• Thank you, Joan. I suspect that Father Breslin needs the prayers (who of us does not) and would welcome the note of support and affirmation I am sure you will send. Let your friends know, too, that they may send him a note of support and prayer.

      Selfishly, may I ask that you mention in your note to Father where you read of his “problem” with the Truth?


  2. Something tells me that Fr. Breslin’s decision really wasn’t as difficult or agonizing as he makes it out. It was simply this: Does he want to obey “Archdiocesan policy” (and honor his vow of obedience to his Bishop) or; Does he want to interpret the Catholic faith (and Christian scripture) based on his own human experience of God). If I were in his shoes (especially given the reputation of Archbishop Chaput) I would make exactly the same decision. And it wouldn’t involve a lot of hand-wrigner. A no-brainer so to speak.

    Does this have to do with how many truths can dance on the head of pin? I think it’s far less theological / philosophical than that. The more interesting story – in my humble opinion – is why a couple of lesbians wanted to educate their child in a Catholic school in the first place? What’s gotten into them? Are they trying to “prove” some point or just set the Diocese up for a good dollop of negative PR?? Oh, jeez!*#?! There I go again doing the rash judgment schtick! Oh, well! Confessions 4PM on Saturday. See you then.

    • Hello, Mike. Were I in the good priest’s place, and aware of the “penumbrae” surrounding this whole issue, I think I might have sat with it for a few moments or two; perhaps with a bit of the gargle, more likely before the Tabernacle. I think that Father knew exactly what was going to happen when he made the decision he made…the only right one that I can see. In a sense, he is doing what he was ordained to do, act “in persona Christi.”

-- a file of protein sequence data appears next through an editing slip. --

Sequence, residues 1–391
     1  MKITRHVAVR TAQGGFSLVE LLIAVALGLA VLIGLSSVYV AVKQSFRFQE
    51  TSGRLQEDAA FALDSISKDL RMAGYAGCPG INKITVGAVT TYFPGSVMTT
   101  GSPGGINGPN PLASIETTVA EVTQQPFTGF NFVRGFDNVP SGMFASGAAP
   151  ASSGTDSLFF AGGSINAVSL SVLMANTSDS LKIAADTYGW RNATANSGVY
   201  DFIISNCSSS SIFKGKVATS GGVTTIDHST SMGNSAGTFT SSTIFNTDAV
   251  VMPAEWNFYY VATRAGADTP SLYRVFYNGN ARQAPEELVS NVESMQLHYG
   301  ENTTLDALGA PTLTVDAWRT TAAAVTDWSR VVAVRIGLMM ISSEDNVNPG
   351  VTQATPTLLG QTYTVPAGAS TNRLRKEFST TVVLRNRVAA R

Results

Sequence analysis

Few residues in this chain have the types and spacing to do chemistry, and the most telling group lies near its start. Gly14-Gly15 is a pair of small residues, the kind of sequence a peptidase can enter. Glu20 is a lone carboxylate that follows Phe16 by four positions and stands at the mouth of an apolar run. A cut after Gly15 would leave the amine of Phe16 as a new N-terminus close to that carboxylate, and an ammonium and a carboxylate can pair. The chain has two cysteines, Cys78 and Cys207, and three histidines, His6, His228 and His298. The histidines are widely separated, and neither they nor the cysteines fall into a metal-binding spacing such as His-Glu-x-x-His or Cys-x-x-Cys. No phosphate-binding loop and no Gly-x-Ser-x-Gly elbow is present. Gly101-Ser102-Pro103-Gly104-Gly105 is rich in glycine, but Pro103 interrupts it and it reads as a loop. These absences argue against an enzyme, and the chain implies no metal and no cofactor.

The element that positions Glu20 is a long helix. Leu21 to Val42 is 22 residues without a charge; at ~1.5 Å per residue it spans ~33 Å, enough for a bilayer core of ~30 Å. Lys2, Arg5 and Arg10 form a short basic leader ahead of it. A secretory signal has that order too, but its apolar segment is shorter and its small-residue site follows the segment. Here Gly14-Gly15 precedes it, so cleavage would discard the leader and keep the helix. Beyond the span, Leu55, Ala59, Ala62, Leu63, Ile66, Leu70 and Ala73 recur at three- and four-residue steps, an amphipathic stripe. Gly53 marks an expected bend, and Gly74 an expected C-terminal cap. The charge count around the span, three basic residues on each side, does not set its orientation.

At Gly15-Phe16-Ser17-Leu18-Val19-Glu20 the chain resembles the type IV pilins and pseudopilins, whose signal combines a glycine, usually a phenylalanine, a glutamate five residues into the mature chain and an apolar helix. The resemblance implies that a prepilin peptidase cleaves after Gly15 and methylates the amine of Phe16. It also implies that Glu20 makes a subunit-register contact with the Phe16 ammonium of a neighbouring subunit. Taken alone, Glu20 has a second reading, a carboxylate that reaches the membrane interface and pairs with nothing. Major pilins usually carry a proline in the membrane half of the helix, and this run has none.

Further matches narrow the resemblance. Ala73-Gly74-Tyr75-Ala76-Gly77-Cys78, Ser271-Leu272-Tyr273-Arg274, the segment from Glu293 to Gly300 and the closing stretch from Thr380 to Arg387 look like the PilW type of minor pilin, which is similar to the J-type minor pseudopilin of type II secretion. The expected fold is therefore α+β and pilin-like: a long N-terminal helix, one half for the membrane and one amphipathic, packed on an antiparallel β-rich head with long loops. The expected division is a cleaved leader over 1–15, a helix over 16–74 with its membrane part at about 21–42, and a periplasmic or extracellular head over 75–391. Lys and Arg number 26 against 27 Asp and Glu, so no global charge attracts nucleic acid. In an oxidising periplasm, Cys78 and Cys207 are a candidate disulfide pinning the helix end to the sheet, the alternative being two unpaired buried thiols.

I also believe that the lovely couple, the people in whose care the child is, knew with a fair degree of certainty what would eventuate when they chose to use the child as a tool in their campaign to erase the stigma attached to the way they live. I think they reasoned that it was a win-win situation for them. Either the “church” caves a little more to pressures to compromise truth until it ceases to exist, or it doesn’t and a cry of intolerance, hardness of heart and Pharisaical hypocrisy is raised against it, with perhaps a nice and juicy lawsuit, too.

      I believe that the Denver Archdiocese recently won a victory of sorts in the Colorado state legislature, turning back a move to legalize homosexual marriage, or some other assault on morality and good sense. The “game is afoot” and a little child is nothing more to some people than a weapon; an IED if you will. Poor kid that “parents” should think so little of children.

  3. I am pleased that Father Breslin did the right thing. But it is a sad commentary on our culture, or lack of it, that having standards and telling the truth is now controversial. How many Father Breslins and Archbishop Chaputs
    do we have left in The Church? It seems like we have a lot more of the Father Pfleger types here in California.

    A cogent analysis, Peter.

    • Thank you, Kevin. I imagine that there are quite a few. At least I hope there are. The reason for my hope is found in a number of the younger (I’m talking in their forties) fellows I’ve met, and in the students in places like Ave Maria.